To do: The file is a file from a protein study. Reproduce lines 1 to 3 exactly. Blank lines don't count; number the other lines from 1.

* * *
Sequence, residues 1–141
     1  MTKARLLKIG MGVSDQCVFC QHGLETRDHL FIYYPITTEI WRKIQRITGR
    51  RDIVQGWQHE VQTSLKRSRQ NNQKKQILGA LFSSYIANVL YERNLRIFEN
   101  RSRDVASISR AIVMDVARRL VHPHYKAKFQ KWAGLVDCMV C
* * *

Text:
Sequence, residues 1–141
     1  MTKARLLKIG MGVSDQCVFC QHGLETRDHL FIYYPITTEI WRKIQRITGR
    51  RDIVQGWQHE VQTSLKRSRQ NNQKKQILGA LFSSYIANVL YERNLRIFEN